Part Two: Law of the 'knowledge economy'

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  • | 12:00 p.m. May 31, 2010
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by JBA Intellectual Property Law Section Chair Howard Caplan

Ed. Note - This is the second of a two-part column that discusses the main components of intellectual property law. This column discusses patents, trade secrets and litigation.

Having delved into two of the more well-known areas of intellectual property law, copyright and trademark, in the previous column, the second will discuss another familiar component in patents and another that is less commonly recognized, trade secrets. Each of these areas involves the right of ownership of the type of property. At its most basic level, intellectual property is information.


Patent law is handled exclusively in federal courts. A patent is a grant from the government that gives the inventor rights to exclude others from using, making, or selling an invention. This includes the right to grant exclusive or non-exclusive license to others to use the invention. A patent can be granted for any useful process, method of manufacture, machine, physical item or material or compound. The invention or invented process must be new or a new and useful improvement of something within the categories of patentable matter. The invention must also not be obvious or an obvious modification to a person skilled in the particular field of the invention. Patents will not be granted for abstract ideas, laws of nature, natural phenomena, or printed matter.

A inventor must file a patent application within one year after the inventor or anyone else publishes a written description of the invention, offers to sell the invention or a product that includes the invention, or uses the invention publicly (other than for experimental purposes). Few other countries have a “grace period.” Thus any public disclosure could result in the inability to obtain foreign patent rights. Patents, like copyrights require applying for registration to obtain protection and enforcement rights. Also like copyright law, patent law provides for a limited period of protection. But unlike copyright, the duration of protection is generally no more than 20 years from the date the application is filed. The invention becomes part of the public domain after the expiration of the patent. Anyone can then make use of the patent. Improvements to the no longer protected invention can be, and often are, subject to new patents.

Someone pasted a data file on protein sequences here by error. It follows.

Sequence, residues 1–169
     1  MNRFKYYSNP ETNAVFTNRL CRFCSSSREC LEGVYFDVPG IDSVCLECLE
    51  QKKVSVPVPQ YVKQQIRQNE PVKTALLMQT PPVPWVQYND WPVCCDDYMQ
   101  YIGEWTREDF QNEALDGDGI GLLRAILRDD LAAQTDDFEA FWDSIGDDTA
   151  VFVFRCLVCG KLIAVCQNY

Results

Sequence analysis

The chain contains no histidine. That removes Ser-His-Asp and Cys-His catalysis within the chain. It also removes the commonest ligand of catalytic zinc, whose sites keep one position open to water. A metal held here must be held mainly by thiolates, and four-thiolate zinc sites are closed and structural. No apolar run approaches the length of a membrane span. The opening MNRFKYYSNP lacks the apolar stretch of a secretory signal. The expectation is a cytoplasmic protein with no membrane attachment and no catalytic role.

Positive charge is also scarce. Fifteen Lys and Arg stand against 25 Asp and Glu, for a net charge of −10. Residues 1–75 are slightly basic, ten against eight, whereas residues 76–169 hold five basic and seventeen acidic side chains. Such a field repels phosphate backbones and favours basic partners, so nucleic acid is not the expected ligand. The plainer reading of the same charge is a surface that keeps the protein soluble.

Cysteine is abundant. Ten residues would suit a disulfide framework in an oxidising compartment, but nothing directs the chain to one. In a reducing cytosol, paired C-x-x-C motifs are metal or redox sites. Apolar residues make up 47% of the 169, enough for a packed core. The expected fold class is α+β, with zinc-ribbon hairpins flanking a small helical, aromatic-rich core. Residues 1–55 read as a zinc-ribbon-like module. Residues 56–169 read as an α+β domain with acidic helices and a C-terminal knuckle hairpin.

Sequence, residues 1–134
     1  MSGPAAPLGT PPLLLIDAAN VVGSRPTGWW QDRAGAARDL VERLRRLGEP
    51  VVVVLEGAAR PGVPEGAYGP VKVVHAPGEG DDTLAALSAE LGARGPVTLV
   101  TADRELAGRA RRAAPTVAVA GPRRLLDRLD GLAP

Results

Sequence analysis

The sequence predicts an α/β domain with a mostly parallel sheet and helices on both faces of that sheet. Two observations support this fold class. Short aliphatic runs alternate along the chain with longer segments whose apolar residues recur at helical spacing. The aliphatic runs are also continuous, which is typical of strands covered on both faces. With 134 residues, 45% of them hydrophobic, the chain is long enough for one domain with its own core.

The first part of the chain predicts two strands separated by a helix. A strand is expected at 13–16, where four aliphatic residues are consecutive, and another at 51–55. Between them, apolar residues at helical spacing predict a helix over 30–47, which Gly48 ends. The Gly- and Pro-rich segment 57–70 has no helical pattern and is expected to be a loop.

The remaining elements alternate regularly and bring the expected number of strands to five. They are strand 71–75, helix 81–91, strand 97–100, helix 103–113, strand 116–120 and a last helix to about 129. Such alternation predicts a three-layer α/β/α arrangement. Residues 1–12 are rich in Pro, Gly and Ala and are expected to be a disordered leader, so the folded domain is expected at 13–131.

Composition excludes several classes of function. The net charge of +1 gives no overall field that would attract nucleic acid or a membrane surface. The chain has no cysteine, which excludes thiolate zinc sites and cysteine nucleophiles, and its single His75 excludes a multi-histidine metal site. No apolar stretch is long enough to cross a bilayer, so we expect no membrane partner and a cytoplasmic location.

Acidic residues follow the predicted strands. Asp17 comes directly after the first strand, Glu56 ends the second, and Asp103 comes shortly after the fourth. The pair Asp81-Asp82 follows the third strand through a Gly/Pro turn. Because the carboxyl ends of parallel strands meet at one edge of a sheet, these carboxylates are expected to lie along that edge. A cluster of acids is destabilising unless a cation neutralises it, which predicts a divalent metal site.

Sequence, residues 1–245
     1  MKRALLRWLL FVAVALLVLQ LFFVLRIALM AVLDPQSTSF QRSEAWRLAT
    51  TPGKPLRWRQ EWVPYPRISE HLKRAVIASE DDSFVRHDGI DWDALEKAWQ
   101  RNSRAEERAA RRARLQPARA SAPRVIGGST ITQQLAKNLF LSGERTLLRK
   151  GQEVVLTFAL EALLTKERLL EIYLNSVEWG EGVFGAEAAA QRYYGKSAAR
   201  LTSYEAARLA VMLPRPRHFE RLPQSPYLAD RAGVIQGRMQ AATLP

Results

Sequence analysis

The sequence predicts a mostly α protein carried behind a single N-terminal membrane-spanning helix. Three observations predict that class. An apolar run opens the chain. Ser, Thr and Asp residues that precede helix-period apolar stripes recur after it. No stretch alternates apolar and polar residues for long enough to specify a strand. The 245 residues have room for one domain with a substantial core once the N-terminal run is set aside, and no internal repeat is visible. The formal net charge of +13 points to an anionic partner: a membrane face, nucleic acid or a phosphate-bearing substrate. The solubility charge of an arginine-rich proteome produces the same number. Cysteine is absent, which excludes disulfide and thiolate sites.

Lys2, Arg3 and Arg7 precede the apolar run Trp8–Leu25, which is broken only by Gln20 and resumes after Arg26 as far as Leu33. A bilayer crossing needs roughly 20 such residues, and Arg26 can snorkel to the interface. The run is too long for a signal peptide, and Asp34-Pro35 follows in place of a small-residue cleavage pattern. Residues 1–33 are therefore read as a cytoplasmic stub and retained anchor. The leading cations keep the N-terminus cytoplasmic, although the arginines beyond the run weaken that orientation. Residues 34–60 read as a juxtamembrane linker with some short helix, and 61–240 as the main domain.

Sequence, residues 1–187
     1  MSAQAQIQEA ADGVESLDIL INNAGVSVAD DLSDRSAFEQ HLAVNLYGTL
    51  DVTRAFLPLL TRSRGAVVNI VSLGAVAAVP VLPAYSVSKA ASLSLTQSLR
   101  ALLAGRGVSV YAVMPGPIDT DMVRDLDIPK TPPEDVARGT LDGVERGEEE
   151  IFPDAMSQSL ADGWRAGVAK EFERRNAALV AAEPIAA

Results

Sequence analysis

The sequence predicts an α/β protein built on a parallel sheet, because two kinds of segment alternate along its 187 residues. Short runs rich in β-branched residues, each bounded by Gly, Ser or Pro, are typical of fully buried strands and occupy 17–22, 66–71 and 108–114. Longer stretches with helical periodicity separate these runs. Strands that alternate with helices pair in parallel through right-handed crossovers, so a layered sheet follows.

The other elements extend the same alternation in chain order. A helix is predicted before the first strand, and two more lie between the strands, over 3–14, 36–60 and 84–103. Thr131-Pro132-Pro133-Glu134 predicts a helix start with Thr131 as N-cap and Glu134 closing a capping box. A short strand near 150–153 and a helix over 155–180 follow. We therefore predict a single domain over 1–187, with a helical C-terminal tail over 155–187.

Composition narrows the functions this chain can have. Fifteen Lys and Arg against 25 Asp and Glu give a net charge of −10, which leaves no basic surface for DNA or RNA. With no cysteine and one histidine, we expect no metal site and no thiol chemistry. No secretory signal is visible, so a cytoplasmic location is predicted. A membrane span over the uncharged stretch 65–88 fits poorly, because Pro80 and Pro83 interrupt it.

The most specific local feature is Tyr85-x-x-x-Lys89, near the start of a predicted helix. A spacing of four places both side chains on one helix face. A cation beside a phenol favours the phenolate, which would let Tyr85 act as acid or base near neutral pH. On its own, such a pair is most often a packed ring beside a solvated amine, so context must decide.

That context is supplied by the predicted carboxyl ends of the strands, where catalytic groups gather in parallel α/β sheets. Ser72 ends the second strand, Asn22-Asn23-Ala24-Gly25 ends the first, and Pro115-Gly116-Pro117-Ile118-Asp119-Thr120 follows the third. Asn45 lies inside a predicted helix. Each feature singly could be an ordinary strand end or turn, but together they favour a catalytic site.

The patent application process is by far the most expensive of the statutory application processes. For this reason, conducting a search for potential existing similar patents or pending patents is strongly recommended. The application processing timeframe is also substantially longer than for copyright or trademark.

Trade Secrets

Trade Secrets include a party’s method of doing business, certain types of business records and the information contained in the records, and any proprietary information developed within the business entity. All proprietary information is confidential information if appropriate steps are taken to prevent public disclosure of the information. Certain confidential information rises to the nature of trade secrets, which are expressly protected by law. Trade secrets are protected by both federal and state laws. Perhaps the two most famous trade secrets are the recipes for Coca-Cola and the 11 herbs and spices used by KFC.

Confidential information must have a unique value to its owner. This is sometimes known as a protectable business interest. An owner of confidential information must take appropriate steps to maintain the confidentiality of the information. Confidential information and trade secrets are often protected by confidentiality and non-disclosure agreements. These agreements are regularly used when a party is investigating the purchase of a business, and are often included in employment contracts.


As stated above, copyright and patent only exist under federal law. Thus only federal courts have jurisdiction over these matters. Trademarks and trade secrets, having both federal and state statutory protection, can be brought in either federal or state court. In the case of trademarks, matters involving federal rights or registrations must be brought in federal court. The earlier user of an unregistered trademark owner can file a claim in either federal or state court depending upon the geographic scope of the earlier user’s use of the mark and the location of the later claimed infringer.

Intellectual property litigation can be quite expensive. It is often heavily dependent on documentary evidence of ownership and use. The copyright and trademark laws contain statutory defenses to infringement. These are specifically stated in the laws. The most common is the defense of “fair use”.

In copyright, fair use includes using portions of a work for purposes of critiquing, news reporting and teaching. One additional defense is the “first sale doctrine.” The copyright owner can exercise the exclusive right of sale to the first buyers of, for example, a book. But then the first buyer has the right to sell or give the book to another. Sound recordings, unlike books, can be retained on a computer or copied onto a CD. If the first buyer retains a copy the first sale doctrine is not available as a defense. In trademark, fair use, includes critiquing, news reporting and certain uses in comparative advertising.

All areas of intellectual property provide that the owner has the right (subject to registration for copyright and patent) to seek injunctive relief from a court that orders the defendant to cease infringing. Additional remedies include the awarding of monetary damages for the infringement, and the awarding of attorneys’ fees and certain costs incurred in the successful litigation.